BI1T TO WHOM do we speak? Before whom do we witness in these countries of ours — England, Wales — and Scotland? I believe that ever more urgently, another voice needs to be heard in our nation. Today's Mass is a Mass of jubilee, where we remember that which Jesus Christ came to do. In today's Gospel he says at the beginning of his ministry: "The Spirit of the Lord has been given to me, for he has anointed me, he has sent me to bring the good news to the poor, to proclaim liberty to captives, to the hlind new sight and set the downtrodden free."

Is it not extraordinary that in this world of such technological advancement. so many people live in dire poverty, while we claim so much of the world's riches? In common witness with fellow Christians and, indeed, with those of other faiths, and all people of good will, I believe that each and every one of us is meant to live by what is true, by the truth of our very humanity. the truth of our human condition. You see, we are not free people when, as individuals or as a society. we live in ways that undermine or deny the truth of how we are meant to live. This truth is fundamentally that every human being has a dignity because, made in the image and likeness of God, and that dignity must be protected and nourished above everything else.

People forget that the principal goal of the moral life is' the flourishingand fulfilment of that humanity for which all of us have been created. The moral question is not i,herefore, 'What ought We, to do?" — bat, "What kind of persons are we called to become?" How often have I been asked, rather like the young man in the Gospel, "What must I do to live a deeper Christian life?" This is not so much flues to be followed, but about the full meaning of life

the appeal from the God who creates and attracts and beckons us. What kind of vision are we giving the young people who are growing up in our society today? What kind of people are they being called to become? What kind of a culture do we want the people of our society to have? 1 believe that there are values, which the vast majority of people in our countries, in their hearts of hearts, share and these values and truths need to be heard with ever increasing strength. As I look out at our society I see many things that give me joy. I see young people with great ideals for building a better world, who try to live many of the ideals of the Kingdom of God. Every summer for the past 22 years I have taken a group of people to Lourdes, including many young people. There I see them engaged in prayer. in caring for the sick, enjoying each other's company as a community of faith — and it is as though they have a new lung with which to breathe and new eyes with which to see. Sadly, there are many things in our society that undermine and trivialise what are gifts of God. Unless the truth about the dignity of people, about the family, about the common good of our society are spoken aloud, critically and clearly, then the freedom that we boast about is not really freedom at all but an imprisonment by the darker sides of human nature. Did not Jesus say, "It is the truth that sets us free?"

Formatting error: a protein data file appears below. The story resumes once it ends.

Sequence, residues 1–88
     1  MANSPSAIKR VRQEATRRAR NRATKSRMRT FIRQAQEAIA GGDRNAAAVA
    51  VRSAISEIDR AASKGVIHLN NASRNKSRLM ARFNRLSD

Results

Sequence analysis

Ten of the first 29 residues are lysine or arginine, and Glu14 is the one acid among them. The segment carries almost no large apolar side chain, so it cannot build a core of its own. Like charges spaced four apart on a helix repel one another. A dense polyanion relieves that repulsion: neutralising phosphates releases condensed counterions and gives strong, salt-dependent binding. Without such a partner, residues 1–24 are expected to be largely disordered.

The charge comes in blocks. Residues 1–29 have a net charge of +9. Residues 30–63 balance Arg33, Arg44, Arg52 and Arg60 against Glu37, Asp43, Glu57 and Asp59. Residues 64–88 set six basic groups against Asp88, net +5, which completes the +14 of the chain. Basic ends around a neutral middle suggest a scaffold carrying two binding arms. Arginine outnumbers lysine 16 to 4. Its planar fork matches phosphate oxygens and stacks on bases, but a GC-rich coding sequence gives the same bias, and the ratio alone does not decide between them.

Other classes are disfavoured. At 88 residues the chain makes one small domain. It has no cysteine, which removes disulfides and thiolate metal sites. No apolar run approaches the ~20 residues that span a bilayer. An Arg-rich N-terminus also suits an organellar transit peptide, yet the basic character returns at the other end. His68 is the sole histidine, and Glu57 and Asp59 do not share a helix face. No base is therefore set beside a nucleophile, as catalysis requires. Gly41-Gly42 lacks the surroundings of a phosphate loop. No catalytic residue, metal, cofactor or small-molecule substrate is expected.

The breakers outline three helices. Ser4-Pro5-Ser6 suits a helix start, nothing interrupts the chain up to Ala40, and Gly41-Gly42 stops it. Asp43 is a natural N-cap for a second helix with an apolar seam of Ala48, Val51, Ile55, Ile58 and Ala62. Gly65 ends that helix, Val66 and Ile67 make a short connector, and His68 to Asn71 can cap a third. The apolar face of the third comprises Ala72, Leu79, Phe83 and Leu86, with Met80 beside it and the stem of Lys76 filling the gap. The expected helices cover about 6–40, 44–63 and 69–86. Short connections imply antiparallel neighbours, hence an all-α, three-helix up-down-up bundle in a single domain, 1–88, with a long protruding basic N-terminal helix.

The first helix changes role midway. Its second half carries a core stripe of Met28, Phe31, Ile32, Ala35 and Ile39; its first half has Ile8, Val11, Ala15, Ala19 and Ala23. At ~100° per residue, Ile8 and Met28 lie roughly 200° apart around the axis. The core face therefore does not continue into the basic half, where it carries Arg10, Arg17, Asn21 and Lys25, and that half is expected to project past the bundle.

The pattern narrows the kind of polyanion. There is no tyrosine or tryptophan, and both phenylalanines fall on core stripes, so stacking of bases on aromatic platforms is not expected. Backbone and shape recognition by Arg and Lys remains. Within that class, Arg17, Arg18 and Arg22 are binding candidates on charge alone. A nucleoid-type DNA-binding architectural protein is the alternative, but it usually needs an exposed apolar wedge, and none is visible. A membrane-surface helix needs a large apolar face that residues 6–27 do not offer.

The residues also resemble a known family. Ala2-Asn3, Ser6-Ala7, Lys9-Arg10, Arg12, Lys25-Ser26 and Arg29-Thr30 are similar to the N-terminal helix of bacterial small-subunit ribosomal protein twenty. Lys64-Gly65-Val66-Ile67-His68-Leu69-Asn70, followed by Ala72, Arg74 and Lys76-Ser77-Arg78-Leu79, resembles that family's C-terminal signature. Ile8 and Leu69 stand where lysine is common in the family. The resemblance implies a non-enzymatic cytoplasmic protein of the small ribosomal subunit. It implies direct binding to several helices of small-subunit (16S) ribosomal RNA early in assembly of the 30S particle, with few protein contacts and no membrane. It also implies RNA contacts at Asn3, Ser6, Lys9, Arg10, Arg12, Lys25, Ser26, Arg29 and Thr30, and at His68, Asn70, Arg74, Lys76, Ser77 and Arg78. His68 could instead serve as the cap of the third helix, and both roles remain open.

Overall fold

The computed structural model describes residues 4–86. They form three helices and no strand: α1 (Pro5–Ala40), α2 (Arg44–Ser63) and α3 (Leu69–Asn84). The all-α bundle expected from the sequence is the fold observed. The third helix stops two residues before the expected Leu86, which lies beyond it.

FAR FROM constraining our human nature, the truth enables us to fulfill it. Only if we strive to live accordingly to what is true will we be truly free to become what we are called to be. Here, then, is an enormous task but one that should engage all people of good will. We Christians must be at the heart of it.

I must end. I had a priest uncle who began every speech at family gatherings by quoting a passage from Isaiah, "Remember the rock out of which you were hewn." I hope you won't mind if I end these words by remembering the rock out of which I was hewn. I suppose like so many of you here in this cathedral today , I too

give thanks for all that has nurtured me and been the rock of my soul during my life. I mean my mother and father, my family, my friends and so many who gave me example and their prayers and their support and their love. But my final thanks to Christ's Church which has made me live, in the strongest sense of the word, a sense of order and beauty and gift.

That is why I believe that it is the greatest oc blessings to belongto the'rarnily of the Much. In her I find an instrument, a sign, the very body of Christ who is our hope and our salvation. In her we rind our deepest communion and a mission that is truly a light for everyone. 1 know that the Church must always be refonned and that it is composed of saints and sinners. The Church has always been the heart of my soul, the model of my spiritual being. It is to Christ's Church that I give my loyalty and my love. So I continue as a pilgrim traveller, always teaching, yes, but always listening and always looking for the road ahead. It is not for nothing I chose my motto Gaudium et Spes — joy and hope — and there will be much joy and hope in the time ahead. stippose I am not wally unlike that ancient Celtic traveller, the pilgrim who went beyond what was deemed possible, or like Si Paul in today's reading, kneeling before the Father from whom every family, whether spiritual or natural, takes its name. Today let our prayer together be, "Glory to Him whose power working in us can do infinitely more than we can ask or imagine. Glory be to Him from generation to generation in the Church and in Christ Jesus for ever and ever, Amen.